I've been asked some puzzling questions during my career. Most of these fall into a category that I call "goal or financial decision."
Once, when I volunteered for a financial planning hotline, I was asked if it was better financially to buy a house or have a baby! I was flabbergasted. My inner voice wanted to answer, "If you're asking that question, you should never have kids." I opted for the professional response, saying "It all depends on your personal goals and priorities." I further emphasized that financial planning could help them determine what their cash flow could enable.
The honest financial answer would have been "neither." Babies cost money as do houses. To maximize net worth, it would be best to have no children and live in a shack. That way, all of their money would be working for them. However, many people want children and many also want to own a comfortable home. Those are goals.
The job of the financial advisor is to help clients achieve their goals by guiding them to make sound financial decisions. It is key to know the difference between a goal and a financial decision.
For example, clients often ask if they should pay off their mortgage. It is not too difficult to estimate the after-tax cost of a mortgage vs. the expected net return on investments. This is obviously the appropriate way to analyze such a question. But, is it always this obvious? No.
There are some clients that have a goal of owning their homes free and clear. If this is a goal, then it is our charge to help them reach that goal. It is not appropriate to talk them out of their goals just as it is not appropriate to tell them what we think their goals should be. Thus, when I am questioned about paying off a mortgage, I always ask if paying it off is a goal before embarking on an analysis.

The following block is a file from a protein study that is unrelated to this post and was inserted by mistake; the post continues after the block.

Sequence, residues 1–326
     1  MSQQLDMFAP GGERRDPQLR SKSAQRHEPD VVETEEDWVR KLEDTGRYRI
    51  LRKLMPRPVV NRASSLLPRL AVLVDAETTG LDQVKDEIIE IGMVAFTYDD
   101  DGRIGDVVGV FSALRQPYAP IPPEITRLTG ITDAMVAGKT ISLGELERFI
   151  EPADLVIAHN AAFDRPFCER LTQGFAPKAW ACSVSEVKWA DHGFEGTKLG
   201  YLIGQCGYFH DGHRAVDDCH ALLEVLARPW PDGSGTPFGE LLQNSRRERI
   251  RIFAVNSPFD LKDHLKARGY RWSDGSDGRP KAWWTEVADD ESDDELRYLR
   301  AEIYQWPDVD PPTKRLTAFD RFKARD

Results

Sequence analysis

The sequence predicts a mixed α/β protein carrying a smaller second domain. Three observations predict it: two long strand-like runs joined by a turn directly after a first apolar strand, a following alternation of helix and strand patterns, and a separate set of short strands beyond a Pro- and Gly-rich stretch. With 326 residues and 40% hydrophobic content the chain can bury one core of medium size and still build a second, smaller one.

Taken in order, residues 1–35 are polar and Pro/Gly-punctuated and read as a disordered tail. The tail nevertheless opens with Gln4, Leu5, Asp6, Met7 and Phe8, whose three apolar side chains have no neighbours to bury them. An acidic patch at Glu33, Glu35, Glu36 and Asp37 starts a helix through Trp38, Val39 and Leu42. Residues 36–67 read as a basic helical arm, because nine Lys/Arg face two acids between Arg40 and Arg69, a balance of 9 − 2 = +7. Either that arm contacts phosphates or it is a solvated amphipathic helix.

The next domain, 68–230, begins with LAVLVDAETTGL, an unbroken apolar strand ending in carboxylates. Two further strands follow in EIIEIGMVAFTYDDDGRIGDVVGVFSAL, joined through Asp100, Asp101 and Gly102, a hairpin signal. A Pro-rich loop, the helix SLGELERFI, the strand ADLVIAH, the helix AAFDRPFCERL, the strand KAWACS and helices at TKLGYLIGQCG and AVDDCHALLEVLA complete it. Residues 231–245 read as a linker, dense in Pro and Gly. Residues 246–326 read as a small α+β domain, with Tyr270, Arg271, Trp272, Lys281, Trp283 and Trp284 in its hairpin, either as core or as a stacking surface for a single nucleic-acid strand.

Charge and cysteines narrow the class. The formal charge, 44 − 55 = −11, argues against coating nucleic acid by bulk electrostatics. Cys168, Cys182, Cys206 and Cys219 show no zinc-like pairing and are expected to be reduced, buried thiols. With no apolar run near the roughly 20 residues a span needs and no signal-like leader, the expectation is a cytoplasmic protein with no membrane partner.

There are many other examples of blurred lines between goals and financial decisions. I've been asked if it would be better tax-wise to buy a bigger home with a larger mortgage. To this question, I typically explain my "shack theory" and advise the client to live in what they consider to be a suitable home. They must decide what they want; only then can I help them determine if they can afford it.
I remember young mothers questioning whether or not it would be "worth it" to go back to work. It's true that I can calculate the after-tax cash flow from employment compared to the cost of child care. But I would not be doing my job if I just jumped into the numbers. Before doing so, it is imperative to know if the client wants to work or prefers to stay home. Then the question is "Can I afford to go to work (or stay home)?" The advisor's job then becomes determining if and how the client's goal can be achieved.
The bottom line is that, as an advisor, you must pay attention to what your clients want. If you focus solely on the financial analysis, your clients will not be getting the advice they want or need.